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Ireland, the EC and southern Africa
Kevin O’Sullivan

create a solution acceptable to the society as a whole.29 When the results of the Pearce Commission made clear the African population’s resounding rejection of the proposed constitution, however, the Irish delegation responded in kind. On 30 November 1972 it voted in favour of a draft General Assembly resolution on Rhodesia presented to the Fourth Committee (Britain, Portugal and the United States voted against) in the belief that the Rhodesian regime could no longer deny that ‘the majority .  .  . were willing and able to assume responsibility for the future

in Ireland, Africa and the end of empire
Matt Qvortrup

adds to this argument. This principle was established in General Assembly resolution 1514 (XV) of 14 December 1960, which – while not legally binding qua General Assembly Resolution – is generally cited as the basis for independence claims for erstwhile colonial territories. 45 Moreover, it is the established view in international jurisprudence that states that have been denied a

in I want to break free
Heike Wieters

Voluntary Sector,” Bureau for Population and Humanitarian Assistance, June 2, 1972. 45 Recognition and an international definition of the term “Least Developed Countries” was established in 1971 by United Nations General Assembly Resolution 2768 (XXVI), November 18, 1971, http

in The NGO CARE and food aid From America, 1945–80
Ben Cohen
Eve Garrard

Basis of Humanitarian Intervention’, p. 69; and Tyagi, ‘The Concept of Humanitarian Intervention Revisited’, pp. 889–890. 13 UN General Assembly Resolution, ‘2005 World Summit Outcome’, Downloaded December 2009 at 14 Cf. Halberstam, ‘The Legality of Humanitarian Intervention’, p. 6: ‘The legality of humanitarian intervention should not be subject to the veto power of any one state.’ 15 John Locke, Second Treatise of Civil Government , chapter 2. 16 Fonteyne, ‘The Customary

in The Norman Geras Reader
Norman Geras

intervention must devolve to the constituent nations of the UN.14 The right to intervene on humanitarian grounds, although it should ideally go through the UN Security Council, the preferred avenue wherever possible, cannot be so constrained without exception. It cannot for the simple reason that a situation may arise in which, under the law of nations by which that body is bound, an intervention is justified and urgent, but will not be authorized by the Security Council even so, this for political 13 14 UN General Assembly Resolution, ‘2005 World Summit Outcome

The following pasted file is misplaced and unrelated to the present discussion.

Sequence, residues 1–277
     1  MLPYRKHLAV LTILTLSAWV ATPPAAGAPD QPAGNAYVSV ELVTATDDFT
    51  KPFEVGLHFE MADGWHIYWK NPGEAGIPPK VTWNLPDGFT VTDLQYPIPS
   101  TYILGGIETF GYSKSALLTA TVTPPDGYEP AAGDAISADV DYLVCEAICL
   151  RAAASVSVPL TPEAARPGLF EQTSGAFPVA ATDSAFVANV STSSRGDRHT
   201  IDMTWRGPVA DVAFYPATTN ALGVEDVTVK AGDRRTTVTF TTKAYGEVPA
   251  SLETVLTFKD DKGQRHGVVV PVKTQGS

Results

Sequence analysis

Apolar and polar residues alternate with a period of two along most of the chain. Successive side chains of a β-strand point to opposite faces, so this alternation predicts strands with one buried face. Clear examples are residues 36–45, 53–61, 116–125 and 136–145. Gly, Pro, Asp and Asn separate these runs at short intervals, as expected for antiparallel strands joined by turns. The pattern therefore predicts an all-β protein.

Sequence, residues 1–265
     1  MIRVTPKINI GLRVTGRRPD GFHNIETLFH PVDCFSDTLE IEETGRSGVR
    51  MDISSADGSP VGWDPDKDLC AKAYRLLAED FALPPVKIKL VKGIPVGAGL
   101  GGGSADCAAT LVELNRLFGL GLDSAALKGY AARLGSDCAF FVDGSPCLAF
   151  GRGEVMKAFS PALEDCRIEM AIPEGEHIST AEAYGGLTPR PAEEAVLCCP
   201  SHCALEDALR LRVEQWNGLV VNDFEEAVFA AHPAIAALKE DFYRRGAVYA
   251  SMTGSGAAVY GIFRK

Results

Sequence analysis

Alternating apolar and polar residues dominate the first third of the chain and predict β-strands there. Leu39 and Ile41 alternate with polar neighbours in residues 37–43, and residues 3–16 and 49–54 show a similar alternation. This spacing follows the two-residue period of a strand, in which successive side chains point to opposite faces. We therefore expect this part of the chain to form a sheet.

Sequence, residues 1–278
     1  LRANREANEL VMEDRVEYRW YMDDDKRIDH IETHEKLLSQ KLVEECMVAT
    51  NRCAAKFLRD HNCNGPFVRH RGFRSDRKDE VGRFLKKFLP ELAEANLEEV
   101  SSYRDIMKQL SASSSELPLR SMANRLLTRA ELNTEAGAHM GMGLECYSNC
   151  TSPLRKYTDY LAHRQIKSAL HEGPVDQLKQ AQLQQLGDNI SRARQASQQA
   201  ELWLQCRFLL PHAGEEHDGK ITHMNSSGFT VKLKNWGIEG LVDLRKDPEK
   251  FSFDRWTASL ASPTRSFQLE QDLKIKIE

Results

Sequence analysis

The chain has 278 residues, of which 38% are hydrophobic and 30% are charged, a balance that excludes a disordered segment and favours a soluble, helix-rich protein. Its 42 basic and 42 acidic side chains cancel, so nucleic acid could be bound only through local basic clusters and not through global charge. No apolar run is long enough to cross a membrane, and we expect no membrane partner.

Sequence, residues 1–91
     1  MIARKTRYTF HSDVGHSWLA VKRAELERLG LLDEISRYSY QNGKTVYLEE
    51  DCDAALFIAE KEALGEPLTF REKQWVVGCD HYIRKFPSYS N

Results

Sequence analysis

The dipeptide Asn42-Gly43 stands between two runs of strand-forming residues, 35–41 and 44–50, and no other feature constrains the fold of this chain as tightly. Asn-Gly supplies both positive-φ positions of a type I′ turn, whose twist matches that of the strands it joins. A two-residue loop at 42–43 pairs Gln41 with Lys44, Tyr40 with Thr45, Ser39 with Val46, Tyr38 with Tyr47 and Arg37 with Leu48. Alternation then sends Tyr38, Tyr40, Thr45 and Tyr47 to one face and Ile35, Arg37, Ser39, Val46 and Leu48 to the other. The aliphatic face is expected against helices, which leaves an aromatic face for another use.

in Crimes against humanity
The analytical framework
Eşref Aksu

original Charter. By General Assembly Resolution 1991 A and B (XVIII) of 17 December 1963, the number of members in the Security Council and ECOSOC was increased from 11 to 15 and from 18 to 27 respectively. This resolution entered into force on 30 August 1965. At first, the alteration of Article 109 Paragraph 1 was overlooked. This paragraph was later amended by General Assembly Resolution 201

in The United Nations, intra-state peacekeeping and normative change
Patrick Thornberry

-Commission – following a technical review by the Secretariat26 – at its forty-sixth session in 1994.27 The text discards all equivocations on the right of indigenous peoples to self-determination.28 General Assembly resolution 49/214 of 23 December 199429 entitled ‘International Decade of the World’s Indigenous People’30 encouraged the Human Rights Commission to consider the draft Declaration on the Rights of Indigenous Peoples with the participation of representatives of indigenous peoples,31 on the basis of procedures to be determined by the Commission. In its resolution 1995/32 of

in Indigenous peoples and human rights
Article 27 and other global standards on minority rights
Patrick Thornberry

; that a village near the quarry was the only remaining village in Finland with a homogeneous Saami population,127 and that the quarry site (Mount EtelaRiutusvaara) is a sacred place in the old Saami religion, though the practice 117 Recall, however, the limitations of Article 25; See ch. 5 in this volume. See comments of the Committee on Colombia, A/47/40, paras. 352, 378, 391. 119 Contained in General Assembly resolution 47/135, 18 December 1992. 120 Article 2.2. 121 Article 2.3. 122 For reflections, see A. Boyle and P. Birnie, International Law and the Environment

in Indigenous peoples and human rights
Patrick Thornberry

incorporates a preamble of twelve paragraphs, seven substantive articles (Part I of the Convention), a further nine articles addressing implementation (Part II) and nine articles on entry into force, denunciation, revision, reservations, etc. (Part III).4 1 Contained in General Assembly resolution 1904(XVIII), 20 November 1963. For a review, see Thornberry, International Law, chs. 29 and 30. 2 General Assembly resolution 2106(XX). 3 660 UNTS, 195. The implementation of the Convention is complemented by the work of the Special Rapporteur (of the Commission on Human Rights) on

in Indigenous peoples and human rights
Universalizing resistance
Fabian Cardenas
Jean d’Aspremont

afforded to foreign investment persisted after the second world war. Even though Resolution 1803 on the Permanent Sovereignty over Natural Resources of 14 December 1962 103 can be read as a tentative compromise between the positions of capital-exporting and capital importing countries by not excluding “appropriate compensation,” 104 UN General Assembly Resolution 1301 of 1 May

in Latin America and international investment law